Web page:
Canadian hockey legend Paul Henderson, who scored the game-winning goal during the 1972 Summit Series against the Soviet Union, holds his original 1972 Canada sweater in his office in Mississauga, Ont., in early June. ((Nathan Denette/Canadian Press))

It's a historic hockey jersey, now with a historic price tag.

Paul Henderson's legendary 1972 hockey sweater fetched over $1 million at an auction following a late surge of interest, and its new Canadian owner promised Wednesday to bring it back home from its U.S. location.

The final price makes the jersey Henderson wore when he scored Canada's winning goal in the 1972 Summit Series against the Soviets perhaps the most ever paid for a hockey sweater.

The winning bid smashes what's thought to be the record at auction — $191,200 for a Bobby Orr rookie jersey. It is also more than four times the $250,000 that a few of Wayne Gretzky's jerseys had fetched in private sales.

A flurry of bids late Tuesday culminated in a winning offer of US$1,067,538 submitted by Mitchell Goldhar, the owner of SmartCentres, a private real-estate development company based in Vaughan, Ont., north of Toronto.

"It's one of the purest pieces of modern Canadiana that I think there is," Goldhar said. "I honestly couldn't believe that it was coming up for auction. I never even hesitated."

Like many Canadians, Goldhar was forever marked by Henderson's series-clinching goal and he wants to ensure as many Canadians as possible can see the jersey.

The sweater will be sent on a national tour. Goldhar plans to make arrangements for it to be displayed at community centres, shopping malls and museums, including the Hockey Hall of Fame and Canada's Sports of Fame.

'I feel like it's everybody's jersey'

"I just got very excited about it and decided that I wanted to bring it back to Canada and I wanted to make it available to the country," said Goldhar, 48, one of Canada's richest people. "I feel like it's everybody's jersey."

After the '72 series, Henderson gave the jersey to Team Canada's trainer Joe Sgro as a gift, and Sgro later sold it. It most recently belonged to an unidentified private American collector.

The sweater's previous owner, who wishes to remain anonymous, is a cancer survivor and apparently plans to donate some of the proceeds of the sale to charity. Henderson himself was diagnosed with cancer, chronic lymphocytic leukemia, last fall.

Henderson said the new owner called him Wednesday to invite him to travel with the jersey as much as possible.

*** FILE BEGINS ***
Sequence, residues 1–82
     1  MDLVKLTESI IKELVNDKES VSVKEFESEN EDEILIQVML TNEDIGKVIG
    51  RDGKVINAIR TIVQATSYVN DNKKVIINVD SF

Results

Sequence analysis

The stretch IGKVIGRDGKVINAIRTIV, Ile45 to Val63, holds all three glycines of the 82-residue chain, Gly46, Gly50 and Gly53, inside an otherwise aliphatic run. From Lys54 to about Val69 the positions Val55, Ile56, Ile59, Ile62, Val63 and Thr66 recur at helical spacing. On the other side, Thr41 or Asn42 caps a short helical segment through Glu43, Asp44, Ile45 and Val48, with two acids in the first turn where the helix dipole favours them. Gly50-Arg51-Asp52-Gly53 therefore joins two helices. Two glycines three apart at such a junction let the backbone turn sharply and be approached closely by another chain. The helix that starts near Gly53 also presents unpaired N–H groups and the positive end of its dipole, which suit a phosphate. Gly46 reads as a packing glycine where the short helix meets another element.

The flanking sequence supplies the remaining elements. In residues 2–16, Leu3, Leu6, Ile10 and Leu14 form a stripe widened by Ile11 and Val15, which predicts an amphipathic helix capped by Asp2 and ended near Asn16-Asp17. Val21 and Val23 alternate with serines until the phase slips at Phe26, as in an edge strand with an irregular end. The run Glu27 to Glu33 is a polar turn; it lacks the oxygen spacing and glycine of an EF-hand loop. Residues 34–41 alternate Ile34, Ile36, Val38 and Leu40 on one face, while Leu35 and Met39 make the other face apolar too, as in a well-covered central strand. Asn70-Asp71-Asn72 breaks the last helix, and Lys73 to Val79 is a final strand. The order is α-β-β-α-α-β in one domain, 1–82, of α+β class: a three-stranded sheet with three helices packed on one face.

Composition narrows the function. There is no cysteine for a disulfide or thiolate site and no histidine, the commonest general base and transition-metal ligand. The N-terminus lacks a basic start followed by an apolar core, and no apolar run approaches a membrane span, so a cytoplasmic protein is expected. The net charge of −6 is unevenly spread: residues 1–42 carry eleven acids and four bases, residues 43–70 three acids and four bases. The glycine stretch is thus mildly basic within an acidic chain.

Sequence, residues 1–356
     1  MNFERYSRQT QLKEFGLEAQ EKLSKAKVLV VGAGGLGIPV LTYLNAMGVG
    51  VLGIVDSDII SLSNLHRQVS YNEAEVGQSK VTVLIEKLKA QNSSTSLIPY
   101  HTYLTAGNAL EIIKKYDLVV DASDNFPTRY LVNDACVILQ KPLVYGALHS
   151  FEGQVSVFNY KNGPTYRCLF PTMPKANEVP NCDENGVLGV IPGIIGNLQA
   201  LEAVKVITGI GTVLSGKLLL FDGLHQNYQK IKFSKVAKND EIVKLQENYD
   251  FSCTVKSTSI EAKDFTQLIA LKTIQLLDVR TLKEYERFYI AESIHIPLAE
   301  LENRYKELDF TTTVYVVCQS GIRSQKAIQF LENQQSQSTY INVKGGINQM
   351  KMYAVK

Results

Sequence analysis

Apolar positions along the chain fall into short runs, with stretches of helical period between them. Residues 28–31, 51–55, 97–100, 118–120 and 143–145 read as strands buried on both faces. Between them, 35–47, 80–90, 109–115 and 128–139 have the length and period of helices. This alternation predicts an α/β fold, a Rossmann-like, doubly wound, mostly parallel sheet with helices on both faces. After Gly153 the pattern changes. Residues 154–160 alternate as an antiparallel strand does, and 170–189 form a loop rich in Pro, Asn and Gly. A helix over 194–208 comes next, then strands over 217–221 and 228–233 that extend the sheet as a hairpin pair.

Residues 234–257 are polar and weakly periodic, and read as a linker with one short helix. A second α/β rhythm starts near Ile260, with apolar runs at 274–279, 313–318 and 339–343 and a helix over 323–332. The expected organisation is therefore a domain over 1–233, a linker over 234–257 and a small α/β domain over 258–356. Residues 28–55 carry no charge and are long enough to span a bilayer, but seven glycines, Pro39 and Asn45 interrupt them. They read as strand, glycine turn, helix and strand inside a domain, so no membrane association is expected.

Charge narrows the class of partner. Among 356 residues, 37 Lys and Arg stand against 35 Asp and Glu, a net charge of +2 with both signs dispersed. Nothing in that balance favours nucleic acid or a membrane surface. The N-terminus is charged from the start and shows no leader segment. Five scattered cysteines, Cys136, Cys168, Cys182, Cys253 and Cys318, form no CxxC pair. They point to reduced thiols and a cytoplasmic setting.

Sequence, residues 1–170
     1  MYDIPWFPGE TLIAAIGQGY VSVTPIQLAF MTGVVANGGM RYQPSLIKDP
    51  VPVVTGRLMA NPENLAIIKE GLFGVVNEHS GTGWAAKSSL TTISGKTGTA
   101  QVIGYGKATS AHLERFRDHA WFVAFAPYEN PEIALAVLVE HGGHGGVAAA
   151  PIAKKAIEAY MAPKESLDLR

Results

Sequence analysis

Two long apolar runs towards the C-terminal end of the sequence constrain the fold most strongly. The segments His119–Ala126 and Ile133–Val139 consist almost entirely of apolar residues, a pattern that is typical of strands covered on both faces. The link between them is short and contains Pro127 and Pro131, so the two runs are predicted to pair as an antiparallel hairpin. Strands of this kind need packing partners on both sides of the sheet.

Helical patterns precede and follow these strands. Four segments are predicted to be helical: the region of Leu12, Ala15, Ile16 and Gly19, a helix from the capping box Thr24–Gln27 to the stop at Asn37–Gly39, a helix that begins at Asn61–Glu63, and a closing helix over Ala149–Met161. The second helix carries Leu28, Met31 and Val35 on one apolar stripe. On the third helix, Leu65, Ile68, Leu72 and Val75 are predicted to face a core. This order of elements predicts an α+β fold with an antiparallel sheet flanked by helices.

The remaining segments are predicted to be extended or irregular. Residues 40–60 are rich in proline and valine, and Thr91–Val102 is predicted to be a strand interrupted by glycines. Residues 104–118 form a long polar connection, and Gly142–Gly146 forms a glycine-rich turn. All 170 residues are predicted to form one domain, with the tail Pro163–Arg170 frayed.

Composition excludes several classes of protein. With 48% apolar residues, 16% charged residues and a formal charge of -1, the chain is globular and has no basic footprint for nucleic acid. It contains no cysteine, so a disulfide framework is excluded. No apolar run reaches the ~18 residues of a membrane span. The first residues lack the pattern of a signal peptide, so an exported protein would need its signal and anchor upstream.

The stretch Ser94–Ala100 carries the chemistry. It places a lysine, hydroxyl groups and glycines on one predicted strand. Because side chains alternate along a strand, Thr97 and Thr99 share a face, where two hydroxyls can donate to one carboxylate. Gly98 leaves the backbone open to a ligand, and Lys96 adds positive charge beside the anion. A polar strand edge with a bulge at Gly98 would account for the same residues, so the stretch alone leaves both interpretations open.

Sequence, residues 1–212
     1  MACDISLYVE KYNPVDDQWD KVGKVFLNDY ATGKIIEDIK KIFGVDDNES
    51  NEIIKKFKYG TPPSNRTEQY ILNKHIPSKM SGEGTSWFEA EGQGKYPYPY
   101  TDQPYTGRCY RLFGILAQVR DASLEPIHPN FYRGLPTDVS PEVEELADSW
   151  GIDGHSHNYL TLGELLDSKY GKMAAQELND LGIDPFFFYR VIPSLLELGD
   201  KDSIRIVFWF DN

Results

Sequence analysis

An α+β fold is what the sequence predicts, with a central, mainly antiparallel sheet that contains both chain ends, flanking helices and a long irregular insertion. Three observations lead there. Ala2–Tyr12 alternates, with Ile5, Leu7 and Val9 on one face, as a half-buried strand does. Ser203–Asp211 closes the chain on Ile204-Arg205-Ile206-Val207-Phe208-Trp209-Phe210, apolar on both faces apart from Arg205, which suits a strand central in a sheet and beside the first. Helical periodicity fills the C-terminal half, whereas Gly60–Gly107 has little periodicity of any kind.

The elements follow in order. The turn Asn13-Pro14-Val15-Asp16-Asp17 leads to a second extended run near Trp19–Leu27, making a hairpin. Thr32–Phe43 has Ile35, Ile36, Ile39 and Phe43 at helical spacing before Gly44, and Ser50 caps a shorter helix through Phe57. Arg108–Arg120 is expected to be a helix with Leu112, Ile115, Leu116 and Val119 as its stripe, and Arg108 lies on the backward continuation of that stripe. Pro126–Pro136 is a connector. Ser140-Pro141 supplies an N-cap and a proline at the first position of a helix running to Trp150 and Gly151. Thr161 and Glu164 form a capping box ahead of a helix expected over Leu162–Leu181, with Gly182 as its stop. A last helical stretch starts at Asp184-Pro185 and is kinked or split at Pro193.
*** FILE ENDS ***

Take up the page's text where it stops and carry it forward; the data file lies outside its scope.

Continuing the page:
"One of the reasons he bought it was to make sure Canadians would be able to get to see it and enjoy it, so I think that's a touch of class," Henderson said. 

"He did not want someone to buy it just to put it away and be anonymous, he thought it should be shared with Canadians, and man, I was really impressed with that."

Final price a shock

Henderson expected the white-and-red sweater to fetch up to $600,000, but the final price was a shocker.

"I think it blew everyone away," he said of the winning bid. "Even Marc, the auctioneer, he was bewildered by it also."

Marc Juteau, president of Montreal area-based Classic Auctions, says Goldhar's bid was the 42nd entered for the 38-year-old red and white jersey.

Once the auction fees were factored in, the final price to be paid by Goldhar is actually $1.275 million.

"The attention that was given to the jersey has exceeded by far what we thought it would do," said Juteau.

Bidding opened at $10,000 and offers were soon coming fast and furious from such Canadian-based companies as Molson, The Forzani Group Ltd. and B.C. billionaire Jim Pattison.

Canadian Tire dropped out after initially bidding $200,000 with plans to use the jersey as a store-to-store attraction for customers.

Juteau said the Henderson item has generated as much interest as the personal souvenir collections of Jean Beliveau and Maurice Richard when those went on sale.

"But for one given piece, [this is] the most attention we've ever gotten," he said.

Henderson, 67, who donated another Team Canada jersey and a stick to the Hockey Hall of Fame, has often said he'd like to see this one go to Canada's Sports Hall of Fame.

Henderson was inducted into that hall in 1995.